A relevant provision in the chapter related to popular cultures protects “literary” and “artistic” works of “popular” or “craft” arts. Other provisions state that the works of popular or craft arts can be freely adapted, provided that the name of the community is credited or, when applicable, the name of the region in the Mexican territory to which the community belongs. The language of these provisions is problematic, for the following reasons:
It is authors, and not indigenous peoples, who create authored works, including popular craft art works. Authors of popular or craft works mostly rely on folkloric expressions by indigenous peoples to produce their works. Folklore is not synonymous with authored works; the two concepts are in fact rather contradictory.
No authored work under the law should be used without the consent of the rights holder. Popular art works cannot be an exception to that rule. If they are subject matter of protection, as the Copyright Law provides expressly, it is hard to understand why they can be used without restriction. The Copyright Law should make it clear that it is folklore, and not the works resulting thereof, that can be used freely.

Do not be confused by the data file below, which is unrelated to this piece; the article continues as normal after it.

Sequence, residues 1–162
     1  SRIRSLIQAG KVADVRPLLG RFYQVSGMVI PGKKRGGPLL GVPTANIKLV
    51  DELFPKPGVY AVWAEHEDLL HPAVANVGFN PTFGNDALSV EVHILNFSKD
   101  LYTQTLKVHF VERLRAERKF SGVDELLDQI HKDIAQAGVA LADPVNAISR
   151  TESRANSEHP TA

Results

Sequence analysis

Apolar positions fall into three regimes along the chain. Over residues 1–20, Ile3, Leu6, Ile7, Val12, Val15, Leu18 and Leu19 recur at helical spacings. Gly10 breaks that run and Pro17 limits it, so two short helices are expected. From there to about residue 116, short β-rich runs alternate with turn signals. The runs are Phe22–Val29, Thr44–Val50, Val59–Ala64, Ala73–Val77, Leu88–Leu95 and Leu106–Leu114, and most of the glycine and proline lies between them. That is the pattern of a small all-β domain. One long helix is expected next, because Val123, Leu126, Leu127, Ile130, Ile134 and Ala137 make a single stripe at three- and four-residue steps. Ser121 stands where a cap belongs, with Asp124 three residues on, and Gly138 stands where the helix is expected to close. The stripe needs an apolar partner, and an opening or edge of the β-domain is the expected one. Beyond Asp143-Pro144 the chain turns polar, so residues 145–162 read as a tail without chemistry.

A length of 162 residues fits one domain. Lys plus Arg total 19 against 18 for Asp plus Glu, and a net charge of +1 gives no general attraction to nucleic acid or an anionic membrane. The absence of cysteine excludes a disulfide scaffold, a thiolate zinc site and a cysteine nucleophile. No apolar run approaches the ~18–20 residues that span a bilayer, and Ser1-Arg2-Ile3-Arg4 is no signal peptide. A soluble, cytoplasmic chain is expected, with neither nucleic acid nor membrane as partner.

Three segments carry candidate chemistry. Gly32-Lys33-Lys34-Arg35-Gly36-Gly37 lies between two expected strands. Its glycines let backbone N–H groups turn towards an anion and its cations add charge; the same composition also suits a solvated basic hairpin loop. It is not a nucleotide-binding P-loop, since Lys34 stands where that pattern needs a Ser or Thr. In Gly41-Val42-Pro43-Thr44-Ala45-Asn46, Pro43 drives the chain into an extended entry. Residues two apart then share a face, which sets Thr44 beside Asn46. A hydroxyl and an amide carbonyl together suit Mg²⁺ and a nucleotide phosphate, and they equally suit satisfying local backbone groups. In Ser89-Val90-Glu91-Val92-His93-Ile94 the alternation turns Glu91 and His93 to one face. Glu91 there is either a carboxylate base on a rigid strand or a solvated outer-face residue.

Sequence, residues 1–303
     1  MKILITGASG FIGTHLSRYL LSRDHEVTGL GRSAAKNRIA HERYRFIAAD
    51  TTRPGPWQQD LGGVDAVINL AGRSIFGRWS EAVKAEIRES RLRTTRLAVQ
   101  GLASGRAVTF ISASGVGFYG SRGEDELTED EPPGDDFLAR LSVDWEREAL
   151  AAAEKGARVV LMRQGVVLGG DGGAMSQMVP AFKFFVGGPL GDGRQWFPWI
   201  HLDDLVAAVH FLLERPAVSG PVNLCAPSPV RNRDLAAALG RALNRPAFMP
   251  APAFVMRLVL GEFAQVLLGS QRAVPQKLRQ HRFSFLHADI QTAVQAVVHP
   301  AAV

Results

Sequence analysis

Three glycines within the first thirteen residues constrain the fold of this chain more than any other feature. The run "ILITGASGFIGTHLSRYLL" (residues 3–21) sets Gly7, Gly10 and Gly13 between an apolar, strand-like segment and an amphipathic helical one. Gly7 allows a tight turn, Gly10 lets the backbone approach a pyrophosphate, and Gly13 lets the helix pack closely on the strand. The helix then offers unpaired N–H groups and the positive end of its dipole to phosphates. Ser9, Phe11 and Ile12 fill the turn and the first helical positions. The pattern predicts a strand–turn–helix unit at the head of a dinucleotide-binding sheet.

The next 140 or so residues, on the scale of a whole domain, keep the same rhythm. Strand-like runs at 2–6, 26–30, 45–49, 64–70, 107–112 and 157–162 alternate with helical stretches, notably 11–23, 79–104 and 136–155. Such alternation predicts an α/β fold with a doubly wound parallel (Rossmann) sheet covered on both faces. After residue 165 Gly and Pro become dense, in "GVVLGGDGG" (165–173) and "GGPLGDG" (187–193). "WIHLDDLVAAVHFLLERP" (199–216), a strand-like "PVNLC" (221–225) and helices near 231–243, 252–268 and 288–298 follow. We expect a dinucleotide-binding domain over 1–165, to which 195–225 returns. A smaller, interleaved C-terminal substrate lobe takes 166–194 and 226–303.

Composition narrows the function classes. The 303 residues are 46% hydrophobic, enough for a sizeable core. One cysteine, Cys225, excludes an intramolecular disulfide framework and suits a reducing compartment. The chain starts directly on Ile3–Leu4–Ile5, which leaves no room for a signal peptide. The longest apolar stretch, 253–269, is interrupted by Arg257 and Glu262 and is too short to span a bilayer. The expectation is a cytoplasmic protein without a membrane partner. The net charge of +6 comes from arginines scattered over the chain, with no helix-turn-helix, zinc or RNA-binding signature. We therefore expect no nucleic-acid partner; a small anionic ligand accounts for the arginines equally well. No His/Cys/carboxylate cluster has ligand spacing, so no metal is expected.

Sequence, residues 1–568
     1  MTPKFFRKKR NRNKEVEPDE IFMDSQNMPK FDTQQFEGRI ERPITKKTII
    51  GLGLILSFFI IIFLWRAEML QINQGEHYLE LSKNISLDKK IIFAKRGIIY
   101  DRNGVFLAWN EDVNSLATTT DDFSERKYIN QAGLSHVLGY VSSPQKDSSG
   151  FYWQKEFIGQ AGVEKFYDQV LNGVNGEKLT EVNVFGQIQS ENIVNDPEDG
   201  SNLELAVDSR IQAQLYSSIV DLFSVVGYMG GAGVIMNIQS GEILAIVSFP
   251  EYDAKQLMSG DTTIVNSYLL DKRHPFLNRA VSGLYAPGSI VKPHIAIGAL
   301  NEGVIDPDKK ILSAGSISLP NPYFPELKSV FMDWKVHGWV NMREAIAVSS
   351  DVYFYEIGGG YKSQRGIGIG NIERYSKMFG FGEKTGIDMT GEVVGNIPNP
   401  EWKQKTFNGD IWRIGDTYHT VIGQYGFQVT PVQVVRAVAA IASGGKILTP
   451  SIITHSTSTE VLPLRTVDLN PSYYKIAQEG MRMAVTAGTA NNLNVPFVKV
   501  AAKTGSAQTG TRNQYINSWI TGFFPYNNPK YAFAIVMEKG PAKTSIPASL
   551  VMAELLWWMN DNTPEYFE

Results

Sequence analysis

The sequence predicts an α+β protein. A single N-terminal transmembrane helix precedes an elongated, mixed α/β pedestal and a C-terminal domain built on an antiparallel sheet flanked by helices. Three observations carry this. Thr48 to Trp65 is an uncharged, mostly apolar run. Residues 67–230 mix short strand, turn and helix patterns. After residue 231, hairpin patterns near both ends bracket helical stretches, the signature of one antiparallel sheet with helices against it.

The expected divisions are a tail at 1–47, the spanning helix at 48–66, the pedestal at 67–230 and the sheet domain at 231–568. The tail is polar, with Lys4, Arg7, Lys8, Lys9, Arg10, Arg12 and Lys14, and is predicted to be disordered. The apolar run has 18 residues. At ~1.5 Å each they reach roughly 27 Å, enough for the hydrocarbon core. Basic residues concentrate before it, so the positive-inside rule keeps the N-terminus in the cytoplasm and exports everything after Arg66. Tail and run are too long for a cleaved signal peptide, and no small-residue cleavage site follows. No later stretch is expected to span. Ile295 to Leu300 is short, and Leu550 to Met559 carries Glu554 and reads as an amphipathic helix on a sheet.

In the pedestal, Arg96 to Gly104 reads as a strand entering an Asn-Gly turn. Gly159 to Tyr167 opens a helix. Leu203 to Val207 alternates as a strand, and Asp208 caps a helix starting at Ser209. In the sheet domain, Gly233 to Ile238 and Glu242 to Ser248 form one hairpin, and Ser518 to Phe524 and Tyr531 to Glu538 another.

Indigenous communities cannot make popular or craft works and, accordingly, cannot be credited for that purpose. Likewise, they are collectives and not individuals. Only individuals can be authors. Indigenous communities have developed their folkloric expressions and can only be named for that.
The Copyright Law recognises indirect forms of protecting folkloric expressions in order to produce works.